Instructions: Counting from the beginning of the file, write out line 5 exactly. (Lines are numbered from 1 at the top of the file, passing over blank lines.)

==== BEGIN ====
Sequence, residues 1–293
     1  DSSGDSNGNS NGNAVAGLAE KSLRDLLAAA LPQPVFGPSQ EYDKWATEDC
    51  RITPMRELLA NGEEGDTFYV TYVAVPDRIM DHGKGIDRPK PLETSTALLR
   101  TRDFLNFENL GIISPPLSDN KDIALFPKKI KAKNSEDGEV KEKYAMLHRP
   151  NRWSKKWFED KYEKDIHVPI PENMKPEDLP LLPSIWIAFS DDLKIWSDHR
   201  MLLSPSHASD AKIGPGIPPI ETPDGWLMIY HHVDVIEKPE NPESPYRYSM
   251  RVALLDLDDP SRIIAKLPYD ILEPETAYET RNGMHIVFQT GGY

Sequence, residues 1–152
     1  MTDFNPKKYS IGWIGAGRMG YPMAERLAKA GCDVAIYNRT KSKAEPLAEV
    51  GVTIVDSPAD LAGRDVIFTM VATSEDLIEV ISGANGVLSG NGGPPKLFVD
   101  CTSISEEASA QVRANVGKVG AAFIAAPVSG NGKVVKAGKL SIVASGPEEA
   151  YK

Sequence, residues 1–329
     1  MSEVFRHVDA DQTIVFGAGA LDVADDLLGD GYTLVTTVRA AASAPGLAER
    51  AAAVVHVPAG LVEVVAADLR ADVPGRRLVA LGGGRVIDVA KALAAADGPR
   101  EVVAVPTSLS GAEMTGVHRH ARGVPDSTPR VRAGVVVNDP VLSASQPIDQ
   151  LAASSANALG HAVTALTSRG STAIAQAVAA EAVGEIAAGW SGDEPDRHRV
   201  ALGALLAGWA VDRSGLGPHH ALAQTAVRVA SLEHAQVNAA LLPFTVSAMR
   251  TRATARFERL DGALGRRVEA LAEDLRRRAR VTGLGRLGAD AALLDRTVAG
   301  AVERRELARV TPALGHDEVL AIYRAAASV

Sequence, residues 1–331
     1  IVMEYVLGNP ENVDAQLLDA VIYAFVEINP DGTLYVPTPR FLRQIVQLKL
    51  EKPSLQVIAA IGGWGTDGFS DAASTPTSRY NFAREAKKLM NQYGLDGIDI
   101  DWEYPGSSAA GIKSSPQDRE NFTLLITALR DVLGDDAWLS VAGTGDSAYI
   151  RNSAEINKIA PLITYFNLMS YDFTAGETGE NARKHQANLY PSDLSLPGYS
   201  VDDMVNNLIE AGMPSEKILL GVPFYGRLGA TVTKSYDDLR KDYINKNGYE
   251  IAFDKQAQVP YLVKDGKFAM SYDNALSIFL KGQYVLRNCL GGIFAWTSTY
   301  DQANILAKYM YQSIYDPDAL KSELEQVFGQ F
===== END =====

   151  NRWSKKWFED KYEKDIHVPI PENMKPEDLP LLPSIWIAFS DDLKIWSDHR